is a lot different than running the rapids of whitewater
kayaking. It is usually peaceful and serene, like a hike
in the woods or a walk on the beach. It does require more
strength and endurance than a casual hiking, but the right
technique makes all the difference.
A typical sea kayaking trip
might consist of investigating a 15-mile strip of coastline.
As a sea kayaker you'll want a boat that is easy to paddle
straight (tracks well), is fast and requires as little
effort as possible. Sea kayaks are around 17 feet long
and designed for speed. On the other hand a whitewater
kayaking trip might consist of running a 3 mile section
of a river that is full of rapids and eddies. The whitewater
kayaker wants a boat that is very easy to maneuver. These
boats are much shorter, around 10 feet long.
The most incredible thing
about sea kayaking is how close you can get to animals.
Most wildlife don't fear kayaks, yet. And because kayaks
only draw about 3 inches of water you can go practically
anywhere there's water.
Sea kayaks are much more
stable than whitewater boats. This makes the learning
curve shorter. A novice can immediately participate in
the sport. As you get into the sport you'll hear a lot
of people talk about the dangers. Sea kayaking can be
dangerous. However, most of the danger lies in not using
your common sense. Many people cross open bodies of water.
If anything goes wrong when you're 2 miles out, you could
be in real trouble. A sea kayak has no engine, so you
must rely on your own ability. This is the key, only take
part in a trip that is at your level and ability. You
are responsible for your own safety. Also, there are lots
of safety devices, which you must be familiar with and
have on you at all times.
You don't have to cross
the oceans to enjoy sea kayaking. Exploring hidden shorelines
and inlets is a wonderful way to spend your day. Because
you're close to shore it's much safer. There are a lot
of weekend trips you can take that combine camping. Most
sea kayaks have waterproof bulkheads (compartments) that
you can store overnight gear in. Check out the section
to find clubs and organizations that organize these trips.
Your First Paddle
On your first day, you'll
need to get a feeling for the boat and the proper paddle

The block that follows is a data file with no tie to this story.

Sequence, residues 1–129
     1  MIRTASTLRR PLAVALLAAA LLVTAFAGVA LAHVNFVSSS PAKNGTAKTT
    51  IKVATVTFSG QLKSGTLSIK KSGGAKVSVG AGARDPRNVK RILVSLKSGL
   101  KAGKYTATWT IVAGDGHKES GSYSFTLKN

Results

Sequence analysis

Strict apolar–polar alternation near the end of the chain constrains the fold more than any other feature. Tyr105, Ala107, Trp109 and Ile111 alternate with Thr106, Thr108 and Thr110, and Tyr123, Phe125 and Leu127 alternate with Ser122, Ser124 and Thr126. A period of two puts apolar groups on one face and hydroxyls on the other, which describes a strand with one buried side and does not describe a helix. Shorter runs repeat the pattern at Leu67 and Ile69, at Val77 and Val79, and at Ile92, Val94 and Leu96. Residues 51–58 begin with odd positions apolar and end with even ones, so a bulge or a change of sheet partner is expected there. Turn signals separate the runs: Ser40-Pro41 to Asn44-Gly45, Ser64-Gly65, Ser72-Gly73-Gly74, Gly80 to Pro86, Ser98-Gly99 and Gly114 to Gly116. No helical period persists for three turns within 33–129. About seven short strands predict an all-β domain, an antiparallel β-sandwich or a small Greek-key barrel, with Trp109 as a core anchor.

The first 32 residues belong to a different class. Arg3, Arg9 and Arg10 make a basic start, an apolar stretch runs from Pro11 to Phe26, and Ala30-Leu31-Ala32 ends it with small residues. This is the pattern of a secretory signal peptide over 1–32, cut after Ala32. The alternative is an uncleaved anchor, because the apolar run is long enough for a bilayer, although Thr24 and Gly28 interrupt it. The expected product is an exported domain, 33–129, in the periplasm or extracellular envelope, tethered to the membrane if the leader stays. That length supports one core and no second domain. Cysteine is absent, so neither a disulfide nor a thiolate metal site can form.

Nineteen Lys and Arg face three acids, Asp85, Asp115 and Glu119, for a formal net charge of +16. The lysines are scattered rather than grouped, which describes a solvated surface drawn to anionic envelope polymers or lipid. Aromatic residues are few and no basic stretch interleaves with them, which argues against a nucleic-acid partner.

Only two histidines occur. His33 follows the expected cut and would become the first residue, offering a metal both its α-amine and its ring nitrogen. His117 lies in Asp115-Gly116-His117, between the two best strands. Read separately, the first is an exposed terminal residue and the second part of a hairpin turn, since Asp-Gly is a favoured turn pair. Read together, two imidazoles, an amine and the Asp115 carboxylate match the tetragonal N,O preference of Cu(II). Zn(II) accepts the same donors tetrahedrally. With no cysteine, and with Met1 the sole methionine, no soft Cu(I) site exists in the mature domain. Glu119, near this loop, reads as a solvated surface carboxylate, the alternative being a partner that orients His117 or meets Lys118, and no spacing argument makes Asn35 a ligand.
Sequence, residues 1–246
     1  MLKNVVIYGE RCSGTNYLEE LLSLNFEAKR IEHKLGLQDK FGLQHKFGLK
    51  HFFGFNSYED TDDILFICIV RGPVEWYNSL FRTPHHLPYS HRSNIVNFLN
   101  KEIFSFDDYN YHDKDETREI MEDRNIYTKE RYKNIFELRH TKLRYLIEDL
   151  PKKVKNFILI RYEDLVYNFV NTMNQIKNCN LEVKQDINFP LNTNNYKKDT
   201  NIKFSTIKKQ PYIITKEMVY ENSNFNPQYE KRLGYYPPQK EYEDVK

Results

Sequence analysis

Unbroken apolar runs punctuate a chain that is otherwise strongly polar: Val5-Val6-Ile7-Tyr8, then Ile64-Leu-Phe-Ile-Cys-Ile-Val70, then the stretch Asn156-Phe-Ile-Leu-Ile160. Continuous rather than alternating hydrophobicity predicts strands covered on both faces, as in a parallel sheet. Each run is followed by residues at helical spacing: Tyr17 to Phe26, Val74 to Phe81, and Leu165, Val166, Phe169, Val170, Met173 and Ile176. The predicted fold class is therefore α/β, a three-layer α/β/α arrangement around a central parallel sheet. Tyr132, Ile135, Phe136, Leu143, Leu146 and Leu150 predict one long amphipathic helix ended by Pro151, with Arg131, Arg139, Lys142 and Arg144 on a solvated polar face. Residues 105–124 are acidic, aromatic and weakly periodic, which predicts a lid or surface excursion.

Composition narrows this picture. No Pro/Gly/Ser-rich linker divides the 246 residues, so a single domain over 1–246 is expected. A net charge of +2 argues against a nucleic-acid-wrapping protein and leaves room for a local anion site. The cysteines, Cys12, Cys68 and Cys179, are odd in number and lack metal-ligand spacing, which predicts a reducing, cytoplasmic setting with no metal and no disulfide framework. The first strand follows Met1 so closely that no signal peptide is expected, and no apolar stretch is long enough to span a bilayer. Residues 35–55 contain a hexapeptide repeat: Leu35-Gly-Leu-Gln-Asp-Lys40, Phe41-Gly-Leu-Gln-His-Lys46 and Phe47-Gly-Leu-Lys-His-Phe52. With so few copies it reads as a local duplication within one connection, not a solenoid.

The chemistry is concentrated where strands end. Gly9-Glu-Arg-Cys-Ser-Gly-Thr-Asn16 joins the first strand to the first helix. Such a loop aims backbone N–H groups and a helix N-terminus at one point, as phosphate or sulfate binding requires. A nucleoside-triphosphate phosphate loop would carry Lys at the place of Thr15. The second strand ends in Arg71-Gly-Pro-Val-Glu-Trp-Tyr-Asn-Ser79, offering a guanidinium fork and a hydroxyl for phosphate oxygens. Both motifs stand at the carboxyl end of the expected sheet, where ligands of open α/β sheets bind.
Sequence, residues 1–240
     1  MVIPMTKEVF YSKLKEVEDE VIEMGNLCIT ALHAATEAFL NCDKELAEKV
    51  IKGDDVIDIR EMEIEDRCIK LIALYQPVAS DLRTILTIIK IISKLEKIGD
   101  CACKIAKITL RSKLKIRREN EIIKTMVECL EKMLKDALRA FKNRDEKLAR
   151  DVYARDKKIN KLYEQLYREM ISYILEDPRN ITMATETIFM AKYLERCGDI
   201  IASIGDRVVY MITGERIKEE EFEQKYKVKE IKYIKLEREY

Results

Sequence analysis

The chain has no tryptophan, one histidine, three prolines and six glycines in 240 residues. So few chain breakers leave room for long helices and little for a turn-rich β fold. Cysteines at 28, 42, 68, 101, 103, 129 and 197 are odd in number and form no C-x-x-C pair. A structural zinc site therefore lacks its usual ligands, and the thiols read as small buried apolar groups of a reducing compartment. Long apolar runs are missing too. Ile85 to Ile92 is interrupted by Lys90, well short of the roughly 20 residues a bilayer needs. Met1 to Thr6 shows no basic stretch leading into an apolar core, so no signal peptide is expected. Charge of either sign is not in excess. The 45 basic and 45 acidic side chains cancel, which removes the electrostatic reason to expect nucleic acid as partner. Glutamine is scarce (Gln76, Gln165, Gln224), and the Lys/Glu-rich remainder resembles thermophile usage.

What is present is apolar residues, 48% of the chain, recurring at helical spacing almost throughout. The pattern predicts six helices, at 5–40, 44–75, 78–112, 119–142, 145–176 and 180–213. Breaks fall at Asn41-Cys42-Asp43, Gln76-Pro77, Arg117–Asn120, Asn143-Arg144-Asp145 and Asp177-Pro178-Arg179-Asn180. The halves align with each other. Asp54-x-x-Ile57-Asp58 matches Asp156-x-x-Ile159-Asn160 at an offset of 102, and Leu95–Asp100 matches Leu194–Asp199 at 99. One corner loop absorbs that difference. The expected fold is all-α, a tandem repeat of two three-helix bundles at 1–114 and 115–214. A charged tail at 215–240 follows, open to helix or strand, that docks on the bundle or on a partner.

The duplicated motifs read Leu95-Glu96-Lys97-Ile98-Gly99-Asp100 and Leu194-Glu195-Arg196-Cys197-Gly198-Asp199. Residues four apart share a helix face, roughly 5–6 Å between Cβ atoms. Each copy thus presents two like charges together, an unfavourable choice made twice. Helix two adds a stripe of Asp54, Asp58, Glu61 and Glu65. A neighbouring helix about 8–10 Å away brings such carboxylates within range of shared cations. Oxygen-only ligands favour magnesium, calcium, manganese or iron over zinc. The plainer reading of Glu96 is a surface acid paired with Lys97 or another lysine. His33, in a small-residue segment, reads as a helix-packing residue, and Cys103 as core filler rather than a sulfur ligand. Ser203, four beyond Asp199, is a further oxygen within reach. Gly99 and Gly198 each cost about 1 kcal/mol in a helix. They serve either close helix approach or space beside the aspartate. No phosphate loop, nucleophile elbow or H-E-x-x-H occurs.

stroke. Even though sea kayaks are more stable than whitewater
boats, they're still rather tippy. You'll want to become
comfortable with the natural movement and rolling motion
as the kayak goes over the water. If you consider yourself
a novice on the water, your first day should be very safe.
Use a beginner kayak, which is more stable and unfortunately
slower. Make sure the group leader knows that you're a
beginner and that you're participating in a beginner level
trip. Stay together with the group. Staying close to an
expert kayaker means that there will be help close by
if you get into trouble.
Getting into trouble for
a beginner doesn't always mean capsizing or flipping over.
Trouble can be getting into currents and waves, and in
the way of other water traffic. Keep in mind most other
boats can't see you because a sea kayak is so low to the
water. By being close to an experienced kayaker, they'll
be able to point out trouble spots. It's also a good idea
to ask a lot of questions. Why not learn from their experiences.
On a beginner trip the leader
should start off by demonstrating how to correctly paddle.
There's a proper way to hold the paddle and a proper paddle
stroke. The proper stroke utilizes all your upper body
muscles, instead of just your arms. If you're using only
your arms, you won't be able to complete the entire trip.
You'll be too tired.
Most importantly, dress
appropriately for the weather conditions. If the water
is cold be prepared for a possible swim with a wetsuit
or drysuit. You must always wear a life jacket. Make sure
the beginner trip provides life jackets if you don't have
For colder days wear a farmer
john style wetsuit, waterproof boots, full waterproof
gloves, fleece top, warm hat, waterproof jacket or dry
top, and a life jacket. For warm days, you'll want to
wear quick drying shorts, booties, thin open fingered
gloves, tshirt, a hat to protect from the sun, a light
dry top, and a life jacket.
The other key piece of equipment
for kayaking is called a skirt. It is a device that like
a skirt secures around your waist and then flares out
to cover the boat's cockpit opening. The skirt is designed
to keep water out of the boat. A cold weather skirt is
made of neoprene and a warm weather skirt is Nylon. Both
sea kayaking and whitewater kayaking use skirts.